TAX PLANNING GUIDE
Start planning now to minimize 2017 taxes
ecause of the higher tax rates that apply to “ordinary income,” you need to be particularly careful in your planning. Ordinary income generally includes salary, income from self-employment or business activities, interest, and distributions
from tax-deferred retirement accounts. Some of it may also be subject to employment tax, or you may have to pay the AMT, under which different tax rates apply. If possi- ble, try to control to your tax advantage the timing of your ordinary income as well as your deductible expenses. When you receive income or incur an expense can affect how much tax you pay and when you have to pay it. Also keep in mind potential tax law changes. (See “What’s new! Tax law uncertainty complicates timing strategies.”)
the deductions may become more valuable because of the higher maximum regular tax rate. Finally, carefully consider the tax conse- quences of exercising ISOs.
You could be subject to the AMT next year. Consider taking the opposite approach. For instance, defer income to next year, because
The top alternative minimum tax rate is 28%, compared to the top regular ordinary-income tax rate of 39.6%. (See Chart 7 on page 24.) But the AMT rate typically applies to a higher taxable income base.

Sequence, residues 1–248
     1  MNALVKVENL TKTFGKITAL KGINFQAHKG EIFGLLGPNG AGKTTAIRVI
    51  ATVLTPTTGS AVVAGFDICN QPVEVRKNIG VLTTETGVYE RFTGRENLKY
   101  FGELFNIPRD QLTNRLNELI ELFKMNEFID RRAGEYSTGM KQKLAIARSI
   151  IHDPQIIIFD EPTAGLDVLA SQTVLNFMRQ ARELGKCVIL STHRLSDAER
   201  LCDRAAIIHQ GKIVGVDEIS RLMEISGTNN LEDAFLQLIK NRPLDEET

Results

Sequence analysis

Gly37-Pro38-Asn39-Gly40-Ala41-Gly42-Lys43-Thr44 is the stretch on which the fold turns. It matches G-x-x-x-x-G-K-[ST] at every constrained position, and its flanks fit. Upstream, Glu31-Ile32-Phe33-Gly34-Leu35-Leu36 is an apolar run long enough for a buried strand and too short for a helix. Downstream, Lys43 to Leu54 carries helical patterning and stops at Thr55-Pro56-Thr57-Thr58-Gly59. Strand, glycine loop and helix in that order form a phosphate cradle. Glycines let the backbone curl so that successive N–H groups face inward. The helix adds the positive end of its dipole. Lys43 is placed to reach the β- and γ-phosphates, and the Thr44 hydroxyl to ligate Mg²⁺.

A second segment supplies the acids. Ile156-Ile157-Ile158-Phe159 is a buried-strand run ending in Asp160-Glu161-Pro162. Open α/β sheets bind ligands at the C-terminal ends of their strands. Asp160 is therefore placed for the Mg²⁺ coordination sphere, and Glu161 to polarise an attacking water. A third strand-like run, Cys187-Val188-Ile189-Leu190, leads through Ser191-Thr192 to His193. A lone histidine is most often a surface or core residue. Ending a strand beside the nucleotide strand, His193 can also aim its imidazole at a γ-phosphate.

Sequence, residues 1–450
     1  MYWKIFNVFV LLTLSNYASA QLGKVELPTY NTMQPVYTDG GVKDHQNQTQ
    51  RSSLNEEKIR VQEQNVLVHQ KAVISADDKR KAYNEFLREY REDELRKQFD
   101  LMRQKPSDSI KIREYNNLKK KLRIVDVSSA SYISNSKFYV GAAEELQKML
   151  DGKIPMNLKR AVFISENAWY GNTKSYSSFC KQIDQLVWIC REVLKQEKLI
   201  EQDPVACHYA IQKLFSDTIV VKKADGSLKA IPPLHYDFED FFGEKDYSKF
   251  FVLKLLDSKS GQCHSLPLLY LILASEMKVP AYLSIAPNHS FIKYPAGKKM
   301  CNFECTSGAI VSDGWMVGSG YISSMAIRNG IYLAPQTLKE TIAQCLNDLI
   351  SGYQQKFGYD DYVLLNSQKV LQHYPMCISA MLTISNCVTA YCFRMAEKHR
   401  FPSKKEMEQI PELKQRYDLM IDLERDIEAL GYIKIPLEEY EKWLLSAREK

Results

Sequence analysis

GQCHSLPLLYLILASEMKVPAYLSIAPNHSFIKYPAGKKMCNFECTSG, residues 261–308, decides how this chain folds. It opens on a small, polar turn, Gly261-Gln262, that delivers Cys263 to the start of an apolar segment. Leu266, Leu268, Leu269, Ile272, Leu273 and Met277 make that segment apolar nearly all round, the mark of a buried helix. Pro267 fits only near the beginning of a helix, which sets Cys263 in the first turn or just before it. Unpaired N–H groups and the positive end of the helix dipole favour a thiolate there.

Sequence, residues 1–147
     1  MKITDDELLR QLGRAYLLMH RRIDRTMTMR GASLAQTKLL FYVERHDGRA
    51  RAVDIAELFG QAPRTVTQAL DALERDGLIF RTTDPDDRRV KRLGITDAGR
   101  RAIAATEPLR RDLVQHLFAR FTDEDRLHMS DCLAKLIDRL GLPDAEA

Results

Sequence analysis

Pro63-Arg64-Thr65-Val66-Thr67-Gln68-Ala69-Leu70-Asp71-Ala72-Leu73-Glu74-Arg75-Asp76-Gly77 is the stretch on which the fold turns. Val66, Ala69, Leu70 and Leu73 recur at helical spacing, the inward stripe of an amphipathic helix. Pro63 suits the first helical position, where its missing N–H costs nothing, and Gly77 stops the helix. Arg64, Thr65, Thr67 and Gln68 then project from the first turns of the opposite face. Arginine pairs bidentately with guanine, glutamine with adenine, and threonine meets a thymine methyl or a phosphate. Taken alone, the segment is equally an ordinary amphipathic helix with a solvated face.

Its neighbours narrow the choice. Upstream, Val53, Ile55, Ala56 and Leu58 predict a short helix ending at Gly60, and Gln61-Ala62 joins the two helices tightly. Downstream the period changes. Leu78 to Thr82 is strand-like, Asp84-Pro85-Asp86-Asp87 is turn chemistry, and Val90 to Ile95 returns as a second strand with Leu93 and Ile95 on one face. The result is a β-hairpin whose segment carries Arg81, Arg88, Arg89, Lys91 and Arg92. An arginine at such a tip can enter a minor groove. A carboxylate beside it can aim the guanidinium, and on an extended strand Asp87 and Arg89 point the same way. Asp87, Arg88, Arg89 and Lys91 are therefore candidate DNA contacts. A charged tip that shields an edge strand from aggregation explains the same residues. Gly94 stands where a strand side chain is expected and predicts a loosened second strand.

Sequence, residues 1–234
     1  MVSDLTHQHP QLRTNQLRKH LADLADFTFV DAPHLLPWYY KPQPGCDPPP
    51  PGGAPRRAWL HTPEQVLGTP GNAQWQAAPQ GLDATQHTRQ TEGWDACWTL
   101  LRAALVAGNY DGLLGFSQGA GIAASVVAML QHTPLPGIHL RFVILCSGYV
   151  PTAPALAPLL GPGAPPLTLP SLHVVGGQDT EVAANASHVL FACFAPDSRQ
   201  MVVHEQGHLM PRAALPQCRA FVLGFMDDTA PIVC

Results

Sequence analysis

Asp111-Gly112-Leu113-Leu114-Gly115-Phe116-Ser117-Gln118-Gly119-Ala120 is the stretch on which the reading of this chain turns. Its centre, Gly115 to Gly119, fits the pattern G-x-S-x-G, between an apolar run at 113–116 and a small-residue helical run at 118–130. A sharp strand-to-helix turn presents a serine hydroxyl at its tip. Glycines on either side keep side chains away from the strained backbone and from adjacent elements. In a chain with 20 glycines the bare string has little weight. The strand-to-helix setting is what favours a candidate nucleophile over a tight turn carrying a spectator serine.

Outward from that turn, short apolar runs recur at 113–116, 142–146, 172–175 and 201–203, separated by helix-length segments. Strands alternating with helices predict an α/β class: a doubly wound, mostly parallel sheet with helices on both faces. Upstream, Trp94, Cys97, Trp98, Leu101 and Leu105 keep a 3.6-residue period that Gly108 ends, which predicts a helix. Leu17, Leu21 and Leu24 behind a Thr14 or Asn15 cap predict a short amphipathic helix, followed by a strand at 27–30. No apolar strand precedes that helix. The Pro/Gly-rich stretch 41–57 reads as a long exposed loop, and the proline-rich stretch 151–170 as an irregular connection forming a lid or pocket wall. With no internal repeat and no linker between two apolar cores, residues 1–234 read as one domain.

So before taking action to time income and expenses, you should determine whether you’re already likely to be subject to the AMT — or whether the actions you’re considering might trigger it. Some deductions used to calculate regular tax aren’t allowed under the AMT (see Chart 1) and thus can trigger AMT liability. Some income items also might trigger or increase AMT liability:
n Long-term capital gains and qualified dividend income, even though they’re taxed at the same rate for both regular tax and AMT purposes,
n Accelerated depreciation adjustments and related gain or loss differences when assets are sold, and
naxT-exempt interest on certain private-activity municipal bonds.
(For an exception, see the AMT Alert on page 11.)
Finally, in certain situations exercising incentive stock options (ISOs) can trigger significant AMT liability. (See the AMT Alert on page 7.)
Avoiding or reducing AMT With proper planning, you may be able to avoid the AMT, reduce its
impact or even take advantage of its lower maximum rate. To determine the right timing strategies for your situation, work with your tax advisor to assess whether:
You could be subject to the AMT this year. Consider accelerating income into this year, which may allow you
to benefit from the lower maximum AMT rate. And deferring expenses you can’t deduct for AMT purposes may allow you to preserve those deductions. If you also defer expenses you can deduct for AMT purposes,
you’ll likely pay a relatively lower AMT rate. And prepay expenses that will be deductible this year but that won’t help you next year because they’re not deductible for AMT purposes.